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| By Wellvyl Media Editorial

According to the literature of Classical Greece, the line the divided the civilized from the barbarians was if a people “ate of bread”. What defined “civilization” was the practice of agriculture and most specifically the cultivation of wheat. The phrase, “breaking bread”, became the epithet for social gatherings as well as the invitation to celebrate or deepen a connection over a meal. Yet with gluten intolerance increasing among the population, “breaking bread” with friends and family can be a social quagmire.   


What is Gluten?

Gluten is a family of proteins found in grains like wheat, rye, spelt and barley. Of the gluten-containing grains, wheat is by far the most commonly consumed. The two main proteins in gluten are glutenin and gliadin, which is responsible for most of the negative health effects.


How Can Gluten Intolerance Affect Our Social Lives?


If you have ever spent time with someone who suffers from Celiac’s Disease or Gluten Sensitivity, the running joke is, “There is no such thing as ‘grabbing a bite’ to eat”. Those whose digestive systems can process gluten, we do not even bat an eye when deciding where to eat. When meeting up with our pals or coworkers, the only concern we have is what type of cuisine we are in the mood to enjoy. Be it pasta, pizza, or sandwiches, gluten pervades the ingredients of many entries.  We forget that out of the hundreds of places to dine, very few menus lists gluten-free options or substitutes. Sadly, your gluten intolerant friend sits with plain rice and tap water at the table in isolation while the rest of the group enjoys a tasty carnival of specialty pizza.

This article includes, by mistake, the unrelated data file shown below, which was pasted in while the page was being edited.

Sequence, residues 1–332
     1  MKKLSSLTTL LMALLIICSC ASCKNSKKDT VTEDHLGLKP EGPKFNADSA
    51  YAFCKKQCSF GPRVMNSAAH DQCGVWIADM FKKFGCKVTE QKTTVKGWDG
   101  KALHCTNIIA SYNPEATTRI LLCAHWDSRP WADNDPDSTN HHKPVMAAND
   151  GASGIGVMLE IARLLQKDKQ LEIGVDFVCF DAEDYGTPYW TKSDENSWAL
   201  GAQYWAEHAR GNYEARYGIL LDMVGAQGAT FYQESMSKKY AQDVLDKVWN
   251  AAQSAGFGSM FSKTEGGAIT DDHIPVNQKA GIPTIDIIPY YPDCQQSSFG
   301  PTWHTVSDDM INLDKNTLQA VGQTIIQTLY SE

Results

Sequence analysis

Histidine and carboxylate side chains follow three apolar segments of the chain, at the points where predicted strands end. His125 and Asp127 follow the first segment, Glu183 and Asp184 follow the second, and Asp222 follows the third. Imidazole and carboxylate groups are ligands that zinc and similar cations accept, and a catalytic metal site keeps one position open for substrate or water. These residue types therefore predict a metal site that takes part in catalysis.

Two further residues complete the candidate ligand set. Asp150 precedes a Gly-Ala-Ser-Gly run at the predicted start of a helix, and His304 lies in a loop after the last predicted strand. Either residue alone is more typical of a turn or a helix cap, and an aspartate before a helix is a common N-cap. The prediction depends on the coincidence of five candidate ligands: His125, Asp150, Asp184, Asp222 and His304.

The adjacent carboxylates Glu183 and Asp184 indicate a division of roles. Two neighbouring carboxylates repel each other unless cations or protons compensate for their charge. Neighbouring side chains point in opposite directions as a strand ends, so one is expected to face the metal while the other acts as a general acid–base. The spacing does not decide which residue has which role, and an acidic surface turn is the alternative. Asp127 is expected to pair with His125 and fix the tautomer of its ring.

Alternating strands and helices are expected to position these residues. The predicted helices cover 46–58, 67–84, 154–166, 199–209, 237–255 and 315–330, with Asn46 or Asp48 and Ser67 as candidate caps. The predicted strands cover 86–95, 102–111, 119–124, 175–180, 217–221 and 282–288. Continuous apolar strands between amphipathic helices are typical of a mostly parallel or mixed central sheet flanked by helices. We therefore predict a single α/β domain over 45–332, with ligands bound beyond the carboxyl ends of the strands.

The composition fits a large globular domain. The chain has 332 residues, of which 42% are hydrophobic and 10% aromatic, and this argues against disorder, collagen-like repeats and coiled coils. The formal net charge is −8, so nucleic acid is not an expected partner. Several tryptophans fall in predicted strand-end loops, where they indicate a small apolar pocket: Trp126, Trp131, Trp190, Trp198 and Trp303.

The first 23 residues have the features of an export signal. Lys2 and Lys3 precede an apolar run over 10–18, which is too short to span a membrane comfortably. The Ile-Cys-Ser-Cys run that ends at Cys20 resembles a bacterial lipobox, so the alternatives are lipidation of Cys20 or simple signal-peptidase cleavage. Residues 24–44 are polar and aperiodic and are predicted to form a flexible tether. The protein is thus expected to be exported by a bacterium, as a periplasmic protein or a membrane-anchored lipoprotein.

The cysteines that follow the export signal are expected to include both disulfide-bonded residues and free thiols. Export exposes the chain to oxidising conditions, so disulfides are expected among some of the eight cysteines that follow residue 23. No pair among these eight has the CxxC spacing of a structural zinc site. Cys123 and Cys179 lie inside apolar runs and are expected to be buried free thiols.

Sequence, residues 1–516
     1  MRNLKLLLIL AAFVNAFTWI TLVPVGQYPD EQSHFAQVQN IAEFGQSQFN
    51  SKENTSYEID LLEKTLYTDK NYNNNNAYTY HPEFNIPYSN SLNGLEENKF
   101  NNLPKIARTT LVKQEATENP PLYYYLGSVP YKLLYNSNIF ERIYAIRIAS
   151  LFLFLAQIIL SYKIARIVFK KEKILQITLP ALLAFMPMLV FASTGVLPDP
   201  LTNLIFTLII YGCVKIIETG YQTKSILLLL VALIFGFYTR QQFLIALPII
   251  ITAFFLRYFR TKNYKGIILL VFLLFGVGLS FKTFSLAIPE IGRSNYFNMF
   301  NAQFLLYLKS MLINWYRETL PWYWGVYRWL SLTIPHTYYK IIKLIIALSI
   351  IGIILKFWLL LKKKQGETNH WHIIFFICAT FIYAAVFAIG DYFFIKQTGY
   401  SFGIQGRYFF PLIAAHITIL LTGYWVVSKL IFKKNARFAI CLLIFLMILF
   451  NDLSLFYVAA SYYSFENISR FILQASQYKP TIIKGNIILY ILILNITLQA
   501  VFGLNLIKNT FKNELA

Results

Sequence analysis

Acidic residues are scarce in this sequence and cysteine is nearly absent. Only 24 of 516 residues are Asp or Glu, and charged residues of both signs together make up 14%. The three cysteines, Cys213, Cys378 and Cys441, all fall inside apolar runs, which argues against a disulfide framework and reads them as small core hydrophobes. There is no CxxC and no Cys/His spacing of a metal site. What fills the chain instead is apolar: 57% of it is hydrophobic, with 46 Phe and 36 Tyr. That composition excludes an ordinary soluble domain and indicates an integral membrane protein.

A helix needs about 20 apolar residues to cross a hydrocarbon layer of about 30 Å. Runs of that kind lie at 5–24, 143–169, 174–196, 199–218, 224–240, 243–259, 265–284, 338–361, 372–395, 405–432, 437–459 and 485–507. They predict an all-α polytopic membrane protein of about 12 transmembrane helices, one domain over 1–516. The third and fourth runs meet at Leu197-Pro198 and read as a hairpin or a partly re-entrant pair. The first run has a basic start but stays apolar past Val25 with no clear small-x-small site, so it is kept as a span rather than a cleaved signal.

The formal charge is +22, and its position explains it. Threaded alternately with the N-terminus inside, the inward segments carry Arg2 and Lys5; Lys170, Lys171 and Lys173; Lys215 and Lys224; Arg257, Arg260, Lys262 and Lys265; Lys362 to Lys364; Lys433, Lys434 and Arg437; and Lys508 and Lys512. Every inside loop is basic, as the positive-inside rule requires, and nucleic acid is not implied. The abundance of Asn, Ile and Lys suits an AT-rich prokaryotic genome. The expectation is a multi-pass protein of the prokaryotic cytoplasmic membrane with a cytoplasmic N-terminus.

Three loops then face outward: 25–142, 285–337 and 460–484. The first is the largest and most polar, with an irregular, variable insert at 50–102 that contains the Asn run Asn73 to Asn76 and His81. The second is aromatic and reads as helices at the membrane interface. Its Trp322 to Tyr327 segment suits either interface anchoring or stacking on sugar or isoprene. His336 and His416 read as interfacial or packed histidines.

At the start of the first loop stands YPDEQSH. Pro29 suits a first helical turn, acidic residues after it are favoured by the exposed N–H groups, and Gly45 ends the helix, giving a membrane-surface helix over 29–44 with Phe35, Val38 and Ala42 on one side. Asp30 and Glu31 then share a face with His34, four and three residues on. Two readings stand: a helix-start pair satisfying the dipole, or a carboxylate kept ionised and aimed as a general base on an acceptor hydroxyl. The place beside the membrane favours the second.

Having To Say “NO” To The Well-Intended  

Our friends and family mean well when they take the time to prepare gluten-free treats or entrees for us. However, often these gluten-free eatables are prepared in a non-gluten free kitchen and cross-contamination is guaranteed. The trouble is finding the right way to politely decline their heart-felt offering without coming off as unappreciative or neurotic.


Dating Made More Awkward

First dates are the worst and gluten intolerance does nothing to ease the initial roughness if you and your new date end up at a place that is a gluten-topia. Your mind debates whether or not to inform your date of your health condition; would it give the impression that you are demanding and inflexible? Questions like this plague your consciousness simply because you do not want to make a situation harder than it already is or to make it seem that everything is about you.

Further, what if you both hit it off well and your gluten-consuming date goes in for a kiss? Should you stop them and ask them to brush their teeth before you lock lips?


Becoming Tolerant of the Gluten Intolerance

Having to abide by a restrictive diet for the sake of our health and physical well-being is in no way a reason to restrict ourselves socially. The ubiquitous nature of gluten in restaurants, kitchens, and food products does not require those who suffer from gluten intolerance to under house arrest. Instead, is an opportunity to be compassionate to our friend or family member. By honoring the physical health of another and being less preoccupied on what or where we can eat or cook, we refine our social consciousness and we build healthier relationships. That is the true essence of becoming “civilized” and “breaking bread”.